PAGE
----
The Barack Obama government-in-waiting has quietly rolled back its campaign talk about a more active US role in the Kashmir peace process.
New talking points issued in the past two weeks for the president-elect and his officials state India and Pakistan need to solve the Kashmir problem "bilaterally" and that they will have full US “support” in this effort.
However, the points, which were approved by Obama’s senior foreign policy team, did not make a decision on whether the appointment of a special envoy on Kashmir would be good or bad, said Teresita Schaffer of the Center for Strategic and International Studies, who has seen the document.
In an interview in Time magazine in October, Obama said Kashmir was a place he wanted to “devote serious diplomatic resources to get a special envoy in there, to figure out a plausible approach”. He felt there was “a moment where potentially we could get” the attention of India and Pakistan.
Obama said he had spoken with Bill Clinton about this issue over lunch. During the campaign, Obama repeatedly spoke of a more active Kashmir policy. This was the first time he had spoken of an envoy.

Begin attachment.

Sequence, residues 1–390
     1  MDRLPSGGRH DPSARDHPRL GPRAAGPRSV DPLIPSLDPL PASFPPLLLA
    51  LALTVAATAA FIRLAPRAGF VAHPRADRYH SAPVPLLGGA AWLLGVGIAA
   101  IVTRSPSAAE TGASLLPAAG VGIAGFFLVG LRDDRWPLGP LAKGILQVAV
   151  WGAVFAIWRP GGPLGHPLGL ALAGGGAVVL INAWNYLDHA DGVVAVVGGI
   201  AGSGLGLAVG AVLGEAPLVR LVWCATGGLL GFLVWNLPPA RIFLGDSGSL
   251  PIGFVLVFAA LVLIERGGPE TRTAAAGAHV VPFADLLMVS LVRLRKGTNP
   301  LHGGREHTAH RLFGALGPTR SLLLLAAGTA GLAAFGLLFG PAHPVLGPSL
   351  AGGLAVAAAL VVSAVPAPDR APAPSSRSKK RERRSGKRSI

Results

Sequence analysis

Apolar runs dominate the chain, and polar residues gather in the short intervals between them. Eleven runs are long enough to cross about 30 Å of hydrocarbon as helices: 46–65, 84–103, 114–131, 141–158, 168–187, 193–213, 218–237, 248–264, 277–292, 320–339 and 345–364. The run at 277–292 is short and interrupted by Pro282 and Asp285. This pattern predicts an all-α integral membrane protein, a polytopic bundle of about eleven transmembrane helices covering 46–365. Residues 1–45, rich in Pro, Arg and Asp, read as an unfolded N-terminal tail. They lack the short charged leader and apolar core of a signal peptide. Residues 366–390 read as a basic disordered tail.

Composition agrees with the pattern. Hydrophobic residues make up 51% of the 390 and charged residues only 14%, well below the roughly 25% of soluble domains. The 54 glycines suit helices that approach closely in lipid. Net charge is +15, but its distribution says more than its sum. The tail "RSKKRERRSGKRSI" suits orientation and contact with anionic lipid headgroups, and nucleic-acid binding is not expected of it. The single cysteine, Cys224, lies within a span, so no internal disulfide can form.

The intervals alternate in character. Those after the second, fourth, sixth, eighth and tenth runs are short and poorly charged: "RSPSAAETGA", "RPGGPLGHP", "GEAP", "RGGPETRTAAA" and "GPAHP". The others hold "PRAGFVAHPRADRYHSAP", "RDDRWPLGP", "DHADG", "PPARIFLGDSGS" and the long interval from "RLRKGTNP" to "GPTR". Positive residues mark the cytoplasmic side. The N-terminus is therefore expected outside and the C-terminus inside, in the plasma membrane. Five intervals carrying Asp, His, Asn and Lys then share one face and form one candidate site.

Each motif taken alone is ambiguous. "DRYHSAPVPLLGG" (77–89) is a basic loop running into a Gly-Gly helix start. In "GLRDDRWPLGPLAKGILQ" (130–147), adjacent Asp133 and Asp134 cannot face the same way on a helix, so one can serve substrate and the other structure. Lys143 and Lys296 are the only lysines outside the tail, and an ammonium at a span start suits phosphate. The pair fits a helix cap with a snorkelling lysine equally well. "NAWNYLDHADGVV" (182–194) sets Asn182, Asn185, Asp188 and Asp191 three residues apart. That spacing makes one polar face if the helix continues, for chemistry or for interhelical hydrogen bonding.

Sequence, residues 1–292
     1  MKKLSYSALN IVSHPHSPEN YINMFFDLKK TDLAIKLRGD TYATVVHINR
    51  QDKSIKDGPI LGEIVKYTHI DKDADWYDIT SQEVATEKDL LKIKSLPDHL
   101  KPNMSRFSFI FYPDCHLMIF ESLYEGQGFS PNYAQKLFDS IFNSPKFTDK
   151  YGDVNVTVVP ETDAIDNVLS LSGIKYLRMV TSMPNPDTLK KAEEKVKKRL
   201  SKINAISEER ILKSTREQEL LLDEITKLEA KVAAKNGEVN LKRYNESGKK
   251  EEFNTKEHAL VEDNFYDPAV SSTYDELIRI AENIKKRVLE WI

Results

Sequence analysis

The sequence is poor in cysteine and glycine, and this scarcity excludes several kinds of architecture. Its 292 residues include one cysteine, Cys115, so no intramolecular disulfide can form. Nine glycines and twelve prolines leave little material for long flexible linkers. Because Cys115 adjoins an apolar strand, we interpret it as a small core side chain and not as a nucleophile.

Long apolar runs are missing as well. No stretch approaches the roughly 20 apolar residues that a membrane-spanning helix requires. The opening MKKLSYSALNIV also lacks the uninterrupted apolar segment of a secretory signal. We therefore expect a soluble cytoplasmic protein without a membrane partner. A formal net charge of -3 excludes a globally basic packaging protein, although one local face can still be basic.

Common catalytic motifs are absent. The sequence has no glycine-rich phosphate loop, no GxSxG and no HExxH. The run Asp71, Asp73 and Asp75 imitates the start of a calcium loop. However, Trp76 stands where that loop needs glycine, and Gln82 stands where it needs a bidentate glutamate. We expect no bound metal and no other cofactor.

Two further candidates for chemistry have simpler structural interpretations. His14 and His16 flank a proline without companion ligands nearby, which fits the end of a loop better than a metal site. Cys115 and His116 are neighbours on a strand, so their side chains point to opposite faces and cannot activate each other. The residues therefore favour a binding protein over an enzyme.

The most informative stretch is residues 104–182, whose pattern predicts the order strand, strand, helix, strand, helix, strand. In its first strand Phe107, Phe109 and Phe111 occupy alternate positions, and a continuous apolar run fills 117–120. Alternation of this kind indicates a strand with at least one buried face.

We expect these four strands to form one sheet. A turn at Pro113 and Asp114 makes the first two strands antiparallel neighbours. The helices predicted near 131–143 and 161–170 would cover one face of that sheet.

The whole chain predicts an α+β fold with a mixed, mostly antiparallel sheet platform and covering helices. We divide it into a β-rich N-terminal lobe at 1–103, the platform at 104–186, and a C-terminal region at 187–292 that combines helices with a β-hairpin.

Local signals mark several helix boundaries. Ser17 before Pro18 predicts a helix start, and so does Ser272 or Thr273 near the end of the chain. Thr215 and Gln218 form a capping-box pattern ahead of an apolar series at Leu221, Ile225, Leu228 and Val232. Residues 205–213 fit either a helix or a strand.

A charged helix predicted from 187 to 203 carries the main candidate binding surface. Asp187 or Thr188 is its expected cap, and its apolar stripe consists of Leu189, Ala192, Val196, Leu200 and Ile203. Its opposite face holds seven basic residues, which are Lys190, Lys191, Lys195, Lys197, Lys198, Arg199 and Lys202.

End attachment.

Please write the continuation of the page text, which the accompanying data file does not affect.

The statement caused considerable concern both in New Delhi and among South Asian experts in the US. Prominent Indian-Americans close to the Obama campaign and various think tank members warned that such a Kashmir move could lose the US the goodwill it had earned by completing the India-US nuclear deal.
The review of the policy is possibly why, when Indian officials met members of Obama’s South Asia team over the past few weeks, the US side did not mention the “K-word”.
Indian officials are sanguine about any Kashmir move, noting both Bill Clinton and George W. Bush began their administrations with abortive peace efforts.
But the Kashmir kerfuffle raises a larger concern: is there anyone in the Obama administration who focusses on long-term India policy and will try to avoid short-term dust-ups over Kashmir, the test ban treaty, climate change and the like. A key reason for Bush’s successful India policy was his willingness to overrule single-issue bureaucrats.
Washington observers say it is unlikely the president-elect has a coherent policy for the subcontinent. “It’s early days and he hasn’t collected his thoughts on South Asia,” said Ambassador E. Ashley Wills, who served in India and Sri Lanka.
“His immediate focus and only focus will be the economy. All other issues will take a back seat,” said Ashok Mago of the lobby group, the US-India Forum.
And as the policy comes together, the many ex-Clinton aides he has absorbed will help shape a more positive agenda.
Sanjaya Baru, Prime Minister Manmohan Singh’s former media advisor, believed terrorism and economics would be uppermost in the Obama India policy. In a recent article, he noted how Obama had written to Singh in September this year: “I would like to see US-India relations grow across the board to reflect our shared interests, shared values, shared sense of threats, and ever burgeoning ties between our two economies and societies.”
Obama said “our common strategic interests call for redoubling US-Indian military, intelligence, and law enforcement cooperation”.